core
Web
programming
Basic Object-Oriented
Programming in Java
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© 2001-2002 Marty Hall, Larry Brown http://www.corewebprogramming.com
Object-Oriented Nomenclature
• “Class” means a category of things
– A class name can be used in Java as the type of a field or
local variable or as the return type of a function (method)
• “Object” means a particular item that
belongs to a class
– Also called an “instance”
• For example, consider the following line:
String s1 = "Hello";
– Here, String is the class, s1 is an instance variable of class
String, whose value is the String object "Hello"
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Example 1: Instance Variables
(“Fields” or “Data Members”)
class Ship1 {
public double x, y, speed, direction;
public String name;
}
public class Test1 {
public static void main(String[] args) {
Ship1 s1 = new Ship1();
s1.x = 0.0;
s1.y = 0.0;
s1.speed = 1.0;
s1.direction = 0.0;
// East
s1.name = "Ship1";
System.out.println(s1.name + " is initially at ("
+ s1.x + "," + s1.y + ").");
s1.x = s1.x + s1.speed
* Math.cos(s1.direction * Math.PI / 180.0);
s1.y = s1.y + s1.speed
* Math.sin(s1.direction * Math.PI / 180.0);
System.out.println(s1.name + " has moved to ("
+ s1.x + "," + s1.y + ").");
}
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Instance Variables: Results
• Compiling and Running:
javac Test1.java
java Test1
Output:
Ship1 is initially at (1,0).
Ship2 has moved to (-1.41421,1.41421).
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Example 1: Major Points
•
•
•
•
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Java naming convention
Format of class definitions
Creating classes with “new”
Accessing fields with
“variableName.fieldName”
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Java Naming Conventions
• Leading uppercase letter in class name
public class MyClass {
...
}
• Leading lowercase letter in field, local
variable, and method (function) names
– myField, myVar, myMethod
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First Look at Java Classes
• The general form of a simple class is
modifier class Classname {
modifier data-type field1;
modifier data-type field2;
...
modifier data-type fieldN;
modifier Return-Type methodName1(parameters) {
//statements
}
...
modifier Return-Type methodName2(parameters) {
//statements
}
}
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Objects and References
• Once a class is defined, you can easily
declare a variable (object reference) of the
class
Ship s1, s2;
Point start;
Color blue;
• Object references are initially null
– The null value is a distinct type in Java and should not
be considered equal to zero
– A primitive data type cannot be cast to an object (use
wrapper classes)
• The new operator is required to explicitly
create the object that is referenced
ClassName variableName = new ClassName();
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Accessing Instance Variables
• Use a dot between the variable name and the field
name, as follows:
variableName.fieldName
• For example, Java has a built-in class called Point
that has x and y fields
Point p = new Point(2, 3); // Build a Point object
int xSquared = p.x * p.x; // xSquared is 4
p.x = 7;
• One major exception applies to the “access fields
through varName.fieldName” rule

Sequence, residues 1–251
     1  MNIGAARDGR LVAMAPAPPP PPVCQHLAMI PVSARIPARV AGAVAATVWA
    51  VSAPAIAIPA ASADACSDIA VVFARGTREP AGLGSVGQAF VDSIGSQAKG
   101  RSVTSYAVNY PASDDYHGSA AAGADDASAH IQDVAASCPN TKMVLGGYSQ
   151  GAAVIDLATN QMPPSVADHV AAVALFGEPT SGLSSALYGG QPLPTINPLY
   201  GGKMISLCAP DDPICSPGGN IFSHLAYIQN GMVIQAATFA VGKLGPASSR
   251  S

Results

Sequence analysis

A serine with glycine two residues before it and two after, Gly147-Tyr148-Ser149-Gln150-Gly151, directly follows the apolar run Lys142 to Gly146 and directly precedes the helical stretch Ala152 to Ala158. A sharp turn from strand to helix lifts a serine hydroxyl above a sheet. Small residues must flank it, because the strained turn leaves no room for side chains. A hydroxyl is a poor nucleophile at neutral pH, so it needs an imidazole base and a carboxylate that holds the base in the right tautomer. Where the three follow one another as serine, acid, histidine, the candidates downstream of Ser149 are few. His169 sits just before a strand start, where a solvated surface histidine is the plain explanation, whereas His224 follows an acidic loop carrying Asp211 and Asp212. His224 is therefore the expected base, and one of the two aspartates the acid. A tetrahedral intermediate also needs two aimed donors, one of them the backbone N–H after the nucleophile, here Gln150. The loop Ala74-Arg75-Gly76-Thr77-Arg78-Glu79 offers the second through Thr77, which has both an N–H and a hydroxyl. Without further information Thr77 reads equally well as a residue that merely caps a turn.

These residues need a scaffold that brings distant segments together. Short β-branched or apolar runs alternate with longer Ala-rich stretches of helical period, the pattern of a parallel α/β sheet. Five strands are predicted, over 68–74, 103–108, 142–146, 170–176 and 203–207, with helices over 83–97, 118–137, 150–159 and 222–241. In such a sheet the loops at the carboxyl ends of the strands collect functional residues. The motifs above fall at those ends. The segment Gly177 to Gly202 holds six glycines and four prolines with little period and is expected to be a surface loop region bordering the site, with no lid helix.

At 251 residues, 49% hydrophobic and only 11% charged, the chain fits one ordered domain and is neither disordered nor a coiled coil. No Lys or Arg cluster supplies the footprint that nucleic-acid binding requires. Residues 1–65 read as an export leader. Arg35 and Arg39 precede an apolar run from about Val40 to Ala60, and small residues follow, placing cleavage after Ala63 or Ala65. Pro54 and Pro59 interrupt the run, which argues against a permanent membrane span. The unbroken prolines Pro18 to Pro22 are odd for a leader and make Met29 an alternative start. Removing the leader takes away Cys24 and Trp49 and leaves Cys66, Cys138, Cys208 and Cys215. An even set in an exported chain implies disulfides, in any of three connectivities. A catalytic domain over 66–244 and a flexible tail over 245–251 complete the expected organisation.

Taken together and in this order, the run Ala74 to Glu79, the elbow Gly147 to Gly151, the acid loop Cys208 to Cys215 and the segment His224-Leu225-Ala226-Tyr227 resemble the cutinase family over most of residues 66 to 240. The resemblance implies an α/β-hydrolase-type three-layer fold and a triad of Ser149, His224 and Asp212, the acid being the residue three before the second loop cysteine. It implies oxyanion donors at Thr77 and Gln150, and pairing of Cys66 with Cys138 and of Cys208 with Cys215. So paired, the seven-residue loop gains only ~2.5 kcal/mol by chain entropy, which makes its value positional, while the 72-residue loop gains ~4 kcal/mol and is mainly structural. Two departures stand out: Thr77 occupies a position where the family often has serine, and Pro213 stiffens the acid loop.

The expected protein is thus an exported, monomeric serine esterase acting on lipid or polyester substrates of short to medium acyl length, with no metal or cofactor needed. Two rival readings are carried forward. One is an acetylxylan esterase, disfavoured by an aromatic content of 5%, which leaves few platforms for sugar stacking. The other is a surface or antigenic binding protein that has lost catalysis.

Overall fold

– Methods can access fields of current object without varName
– This will be explained when methods (functions) are discussed
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Example 2: Methods
class Ship2 {
public double x=0.0, y=0.0, speed=1.0, direction=0.0;
public String name = "UnnamedShip";
private double degreesToRadians(double degrees) {
return(degrees * Math.PI / 180.0);
}
public void move() {
double angle = degreesToRadians(direction);
x = x + speed * Math.cos(angle);
y = y + speed * Math.sin(angle);
}
public void printLocation() {
System.out.println(name + " is at ("
+ x + "," + y + ").");
}
}
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Methods (Continued)
public class Test2 {
public static void main(String[] args) {
Ship2 s1 = new Ship2();
s1.name = "Ship1";
Ship2 s2 = new Ship2();
s2.direction = 135.0; // Northwest
s2.speed = 2.0;
s2.name = "Ship2";
s1.move();
s2.move();
s1.printLocation();
s2.printLocation();
}
}
• Compiling and Running:
javac Test2.java
java Test2
• Output:
Ship1 is at (1,0).
Ship2 is at (-1.41421,1.41421).
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Example 2: Major Points
•
•
•
•
•
•
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Format of method definitions
Methods that access local fields
Calling methods
Static methods
Default values for fields
public/private distinction
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Defining Methods
(Functions Inside Classes)
• Basic method declaration:
public ReturnType methodName(type1 arg1,
type2 arg2, ...) {
...
return(something of ReturnType);
}
• Exception to this format: if you declare the
return type as void
– This special syntax that means “this method isn’t going to
return a value – it is just going to do some side effect like
printing on the screen”
– In such a case you do not need (in fact, are not permitted),
a return statement that includes a value to be returned
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Examples of Defining Methods
• Here are two examples:
– The first squares an integer
– The second returns the faster of two Ship objects, assuming that a
class called Ship has been defined that has a field named speed
// Example function call: